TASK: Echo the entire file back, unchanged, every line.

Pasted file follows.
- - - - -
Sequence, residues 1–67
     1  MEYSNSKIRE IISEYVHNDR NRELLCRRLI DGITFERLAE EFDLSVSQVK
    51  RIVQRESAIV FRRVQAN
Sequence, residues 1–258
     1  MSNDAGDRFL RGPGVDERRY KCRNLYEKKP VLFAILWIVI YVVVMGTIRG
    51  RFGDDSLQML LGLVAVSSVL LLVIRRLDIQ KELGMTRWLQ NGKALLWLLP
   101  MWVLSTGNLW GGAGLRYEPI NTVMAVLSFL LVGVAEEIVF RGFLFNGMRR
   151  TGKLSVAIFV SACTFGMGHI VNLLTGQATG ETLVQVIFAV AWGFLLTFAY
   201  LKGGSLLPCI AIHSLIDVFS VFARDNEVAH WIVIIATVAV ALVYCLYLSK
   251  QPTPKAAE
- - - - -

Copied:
Sequence, residues 1–67
     1  MEYSNSKIRE IISEYVHNDR NRELLCRRLI DGITFERLAE EFDLSVSQVK
    51  RIVQRESAIV FRRVQAN
Sequence, residues 1–258
     1  MSNDAGDRFL RGPGVDERRY KCRNLYEKKP VLFAILWIVI YVVVMGTIRG
    51  RFGDDSLQML LGLVAVSSVL LLVIRRLDIQ KELGMTRWLQ NGKALLWLLP
   101  MWVLSTGNLW GGAGLRYEPI NTVMAVLSFL LVGVAEEIVF RGFLFNGMRR
   151  TGKLSVAIFV SACTFGMGHI VNLLTGQATG ETLVQVIFAV AWGFLLTFAY
   201  LKGGSLLPCI AIHSLIDVFS VFARDNEVAH WIVIIATVAV ALVYCLYLSK
   251  QPTPKAAE